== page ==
When Jason and I were simply co-workers/friends (pre-falling madly in love) I didn’t have any real idea that he was sick or what Lyme disease (borreliosis) really was. What it meant for him. And there was no “us” to worry about.
During Jason’s first round of Lyme, I was just a work friend, one who was usually not in the same state. I knew very, very little about what was going on, or what it meant for him, his family, and his future.
Back to Before
I first met Jason (in person anyway) in 2016 on an all-staff work meet-up. There, he quietly revealed to some of us that he was sick, but no one beyond our team really knew what was going on.
He had something called babesia? What was that? Something like Lyme disease? Well, I’d at least heard of that one, but still didn’t quite know what to think.
I believed him when he told me, but he generally seemed… okay… to me. This was the man I met, Day Two of the all-staff meetup:
He had a swift smile, a brilliant mind, a wicked sense of humor, a love of re-reading, a work ethic second to none— these were the ways I would have described him. Not sick.
Sure, I noticed when he left the work welcome party early, but thought nothing of it. Maybe he was just a responsible adult (unlike me.)
I found it strange when he was absent from a mandatory work thing at the meet-up, but I found him later quietly answering tickets with our boss at the hotel bar in work’s backed-up queue. Maybe he was exempt because he was just that good—he’d worked there awhile by that point, after all, and I admired his skills.
How was I supposed to know he was so, so ill when I stumbled across him, happy and socializing, in the party suite later that week?
The Invisible Strugglewith Lyme
In 2016, I didn’t realize Jason was yo-yoing up and down, seizing those rare moments of wellness as they came, and barely getting by the rest—living in debilitating pain and exhaustion in those invisible in-betweens.
I knew something was wrong, but not what, or just how hard this disease can be.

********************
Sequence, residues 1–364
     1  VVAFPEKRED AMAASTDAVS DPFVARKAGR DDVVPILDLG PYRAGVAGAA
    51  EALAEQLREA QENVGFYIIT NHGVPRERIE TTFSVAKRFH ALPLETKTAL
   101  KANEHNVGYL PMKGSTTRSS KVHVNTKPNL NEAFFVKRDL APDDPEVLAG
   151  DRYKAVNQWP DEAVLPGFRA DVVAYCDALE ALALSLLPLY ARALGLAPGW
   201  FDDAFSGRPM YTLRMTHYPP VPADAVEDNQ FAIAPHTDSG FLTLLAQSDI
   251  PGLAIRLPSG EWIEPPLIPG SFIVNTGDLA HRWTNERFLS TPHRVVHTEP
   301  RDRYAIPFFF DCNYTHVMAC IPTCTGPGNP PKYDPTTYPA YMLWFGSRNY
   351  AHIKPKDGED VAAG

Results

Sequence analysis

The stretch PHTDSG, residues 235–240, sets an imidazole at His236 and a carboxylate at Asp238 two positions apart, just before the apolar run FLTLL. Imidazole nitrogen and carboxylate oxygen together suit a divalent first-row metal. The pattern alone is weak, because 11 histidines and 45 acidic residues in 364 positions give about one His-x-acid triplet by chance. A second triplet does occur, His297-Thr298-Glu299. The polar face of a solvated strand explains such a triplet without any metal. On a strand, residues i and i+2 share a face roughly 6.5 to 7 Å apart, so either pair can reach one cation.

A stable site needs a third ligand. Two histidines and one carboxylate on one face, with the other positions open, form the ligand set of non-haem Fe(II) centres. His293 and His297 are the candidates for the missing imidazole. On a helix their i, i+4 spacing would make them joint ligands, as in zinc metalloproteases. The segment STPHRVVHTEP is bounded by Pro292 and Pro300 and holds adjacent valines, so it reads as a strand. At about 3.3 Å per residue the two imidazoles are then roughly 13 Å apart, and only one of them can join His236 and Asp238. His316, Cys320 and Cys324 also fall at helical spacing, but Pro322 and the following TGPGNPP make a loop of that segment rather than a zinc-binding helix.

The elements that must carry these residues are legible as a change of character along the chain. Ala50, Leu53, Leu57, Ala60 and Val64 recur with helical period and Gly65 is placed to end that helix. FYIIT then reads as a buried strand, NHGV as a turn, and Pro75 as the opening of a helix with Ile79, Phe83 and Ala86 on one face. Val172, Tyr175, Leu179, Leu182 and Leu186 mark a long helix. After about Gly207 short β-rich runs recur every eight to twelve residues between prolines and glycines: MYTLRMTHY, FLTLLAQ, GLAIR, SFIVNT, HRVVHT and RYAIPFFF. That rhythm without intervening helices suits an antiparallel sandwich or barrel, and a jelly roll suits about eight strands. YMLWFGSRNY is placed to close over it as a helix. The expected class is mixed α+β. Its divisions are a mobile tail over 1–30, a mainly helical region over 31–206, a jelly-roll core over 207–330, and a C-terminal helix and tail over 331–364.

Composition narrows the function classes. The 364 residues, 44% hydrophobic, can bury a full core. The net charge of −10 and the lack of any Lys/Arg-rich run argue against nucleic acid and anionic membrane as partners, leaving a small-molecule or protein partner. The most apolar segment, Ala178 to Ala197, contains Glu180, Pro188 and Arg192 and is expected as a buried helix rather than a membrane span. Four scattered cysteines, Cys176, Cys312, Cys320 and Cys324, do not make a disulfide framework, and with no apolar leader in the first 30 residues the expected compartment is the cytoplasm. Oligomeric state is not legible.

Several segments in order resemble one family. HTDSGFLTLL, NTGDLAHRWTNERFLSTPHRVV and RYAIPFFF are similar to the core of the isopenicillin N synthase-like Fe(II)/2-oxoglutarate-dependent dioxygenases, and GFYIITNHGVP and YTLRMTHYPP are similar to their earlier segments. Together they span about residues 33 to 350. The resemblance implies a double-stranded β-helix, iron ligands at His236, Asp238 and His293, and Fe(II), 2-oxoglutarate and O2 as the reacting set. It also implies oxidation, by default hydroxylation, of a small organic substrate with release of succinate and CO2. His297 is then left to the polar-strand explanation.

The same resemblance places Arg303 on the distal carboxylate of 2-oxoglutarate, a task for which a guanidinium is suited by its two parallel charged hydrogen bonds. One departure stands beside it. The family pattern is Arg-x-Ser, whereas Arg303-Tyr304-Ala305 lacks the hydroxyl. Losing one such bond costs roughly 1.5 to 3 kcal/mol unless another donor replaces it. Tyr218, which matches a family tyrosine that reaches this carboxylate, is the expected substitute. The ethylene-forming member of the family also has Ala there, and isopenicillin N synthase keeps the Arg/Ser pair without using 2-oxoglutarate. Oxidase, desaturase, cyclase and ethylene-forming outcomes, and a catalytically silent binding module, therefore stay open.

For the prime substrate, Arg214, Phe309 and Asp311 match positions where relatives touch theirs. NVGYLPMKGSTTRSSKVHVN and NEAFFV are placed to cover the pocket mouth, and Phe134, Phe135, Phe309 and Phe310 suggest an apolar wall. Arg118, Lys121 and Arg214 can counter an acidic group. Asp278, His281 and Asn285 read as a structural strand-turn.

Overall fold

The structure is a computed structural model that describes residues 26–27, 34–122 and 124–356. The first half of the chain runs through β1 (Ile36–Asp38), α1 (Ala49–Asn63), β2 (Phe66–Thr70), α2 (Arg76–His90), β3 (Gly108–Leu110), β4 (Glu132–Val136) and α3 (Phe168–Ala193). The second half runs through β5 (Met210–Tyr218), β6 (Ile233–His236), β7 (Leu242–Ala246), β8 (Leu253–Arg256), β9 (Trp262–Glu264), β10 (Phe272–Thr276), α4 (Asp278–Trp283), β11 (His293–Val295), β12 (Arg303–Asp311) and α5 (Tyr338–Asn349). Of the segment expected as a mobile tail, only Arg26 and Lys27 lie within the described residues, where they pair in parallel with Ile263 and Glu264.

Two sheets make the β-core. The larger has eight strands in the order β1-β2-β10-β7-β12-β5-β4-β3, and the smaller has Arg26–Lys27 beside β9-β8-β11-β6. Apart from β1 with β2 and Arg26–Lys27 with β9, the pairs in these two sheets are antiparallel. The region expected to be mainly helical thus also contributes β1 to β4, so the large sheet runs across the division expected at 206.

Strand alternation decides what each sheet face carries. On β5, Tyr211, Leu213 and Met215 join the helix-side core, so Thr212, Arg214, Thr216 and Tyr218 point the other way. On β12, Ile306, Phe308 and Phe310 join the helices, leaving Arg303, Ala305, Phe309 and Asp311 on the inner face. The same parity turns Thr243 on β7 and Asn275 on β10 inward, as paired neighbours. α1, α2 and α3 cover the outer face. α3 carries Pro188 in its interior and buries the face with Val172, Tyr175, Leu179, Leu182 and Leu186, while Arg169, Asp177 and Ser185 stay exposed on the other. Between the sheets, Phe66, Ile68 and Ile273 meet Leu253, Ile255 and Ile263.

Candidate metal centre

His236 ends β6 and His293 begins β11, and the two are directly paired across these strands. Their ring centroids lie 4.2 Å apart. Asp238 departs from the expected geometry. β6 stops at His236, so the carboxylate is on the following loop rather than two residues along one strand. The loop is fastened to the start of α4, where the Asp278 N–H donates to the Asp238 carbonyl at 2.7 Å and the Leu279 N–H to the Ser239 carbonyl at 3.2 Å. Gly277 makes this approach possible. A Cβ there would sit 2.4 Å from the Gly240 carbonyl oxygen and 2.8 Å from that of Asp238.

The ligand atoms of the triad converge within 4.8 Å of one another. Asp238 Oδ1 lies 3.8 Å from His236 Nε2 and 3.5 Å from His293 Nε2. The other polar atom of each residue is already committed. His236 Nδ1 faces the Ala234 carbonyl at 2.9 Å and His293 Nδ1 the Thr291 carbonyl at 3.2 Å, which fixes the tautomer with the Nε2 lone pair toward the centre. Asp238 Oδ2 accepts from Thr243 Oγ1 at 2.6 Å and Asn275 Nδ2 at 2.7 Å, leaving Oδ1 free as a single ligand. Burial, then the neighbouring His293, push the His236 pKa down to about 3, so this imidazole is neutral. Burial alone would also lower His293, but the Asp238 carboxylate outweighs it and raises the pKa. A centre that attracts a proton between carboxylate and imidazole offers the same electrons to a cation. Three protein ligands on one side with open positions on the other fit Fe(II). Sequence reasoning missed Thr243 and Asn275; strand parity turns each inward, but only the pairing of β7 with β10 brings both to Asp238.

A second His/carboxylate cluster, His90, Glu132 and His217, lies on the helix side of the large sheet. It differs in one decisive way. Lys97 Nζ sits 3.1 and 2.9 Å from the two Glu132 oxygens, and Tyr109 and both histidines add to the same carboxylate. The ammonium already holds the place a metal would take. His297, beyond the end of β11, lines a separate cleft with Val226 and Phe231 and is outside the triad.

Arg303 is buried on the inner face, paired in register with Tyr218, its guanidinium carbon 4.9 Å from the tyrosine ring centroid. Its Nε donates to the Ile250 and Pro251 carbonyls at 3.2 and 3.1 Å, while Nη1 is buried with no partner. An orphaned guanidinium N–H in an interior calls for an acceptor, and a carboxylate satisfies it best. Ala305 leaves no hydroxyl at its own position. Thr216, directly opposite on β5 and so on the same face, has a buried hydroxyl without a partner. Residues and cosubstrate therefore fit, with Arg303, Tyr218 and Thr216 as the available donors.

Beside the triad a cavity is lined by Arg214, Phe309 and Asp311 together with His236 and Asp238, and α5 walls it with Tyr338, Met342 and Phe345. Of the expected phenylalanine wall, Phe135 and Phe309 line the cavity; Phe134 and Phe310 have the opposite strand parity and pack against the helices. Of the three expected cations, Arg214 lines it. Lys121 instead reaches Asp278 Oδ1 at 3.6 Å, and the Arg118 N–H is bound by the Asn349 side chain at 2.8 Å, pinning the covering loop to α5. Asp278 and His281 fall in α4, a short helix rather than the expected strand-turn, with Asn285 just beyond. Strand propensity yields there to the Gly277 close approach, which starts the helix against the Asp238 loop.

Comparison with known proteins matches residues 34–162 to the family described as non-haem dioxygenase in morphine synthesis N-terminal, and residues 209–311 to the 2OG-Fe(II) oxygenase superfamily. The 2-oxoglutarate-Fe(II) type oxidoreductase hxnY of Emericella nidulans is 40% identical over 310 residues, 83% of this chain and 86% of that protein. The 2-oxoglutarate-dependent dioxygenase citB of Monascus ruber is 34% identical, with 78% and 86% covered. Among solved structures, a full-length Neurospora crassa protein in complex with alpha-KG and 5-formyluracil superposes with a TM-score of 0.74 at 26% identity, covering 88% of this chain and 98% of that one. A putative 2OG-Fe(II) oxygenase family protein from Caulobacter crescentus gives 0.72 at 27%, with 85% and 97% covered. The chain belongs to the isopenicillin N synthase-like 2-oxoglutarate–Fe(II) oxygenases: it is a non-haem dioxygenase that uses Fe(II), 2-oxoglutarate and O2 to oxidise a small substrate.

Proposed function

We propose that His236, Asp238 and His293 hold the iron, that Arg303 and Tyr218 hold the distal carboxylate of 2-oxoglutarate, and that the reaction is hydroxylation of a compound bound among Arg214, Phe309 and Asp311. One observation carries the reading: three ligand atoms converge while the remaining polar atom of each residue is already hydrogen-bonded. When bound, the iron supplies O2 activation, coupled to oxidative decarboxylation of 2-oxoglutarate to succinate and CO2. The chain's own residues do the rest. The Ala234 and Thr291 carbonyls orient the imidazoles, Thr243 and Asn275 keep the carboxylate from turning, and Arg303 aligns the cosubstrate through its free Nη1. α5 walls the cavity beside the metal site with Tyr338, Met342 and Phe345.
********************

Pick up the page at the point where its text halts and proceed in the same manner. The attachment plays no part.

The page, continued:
Fast-Forward: April, 2017, six months later.
There we were. Another work retreat, just our team this time rather than the whole company. Over the course of the week, we became better friends. I thought he was just being nice by always taking the time to walk with me, since I always lagged behind the group wherever we walked.
It turns out I was dragging because my thyroid wasn’t working and he was dragging because he was about to have a horrendously terrifying and (somewhat) unexpected reaction to his medication. (I know, this whole story just SCREAMS Rom/Com, doesn’t it?)
To my knowledge, he had been fine all week. He had revealed in passing that he wasn’t doing great, and had bowed out of some after-work activities.
Still, he seemed… normal? If a little tired.
At the end of the trip, the experience had finally caught up with him. I could tell he wasn’t feeling the best when I hopped into the car on our way to the airport—I liked cigars and he was nice enough to let me tag along to a cigar bar where he was meeting his buddy, Jody, on the way out of the work retreat.
Jason seemed a little off, maybe. I didn’t know then that “a little off” meant “in terrible pain”.
Lyme truly is an invisible illness… until it’s not, in a single moment.
Before we headed to the airport, we smoked cigars with Jas’ friend Jody; Jas seemed maybe a little quiet, but otherwise okay.
So, when we eventually finished our cigars, bid adieu to his friend Jody, then arrived at the airport, I was taken by total surprise when he practically ran away from me once we dropped off the rental car. I previously thought we would meet up with another teammate, A, who was waiting to catch her flight, then hang out in the terminal until our separate flights departed. Instead, I found myself alone in the security line.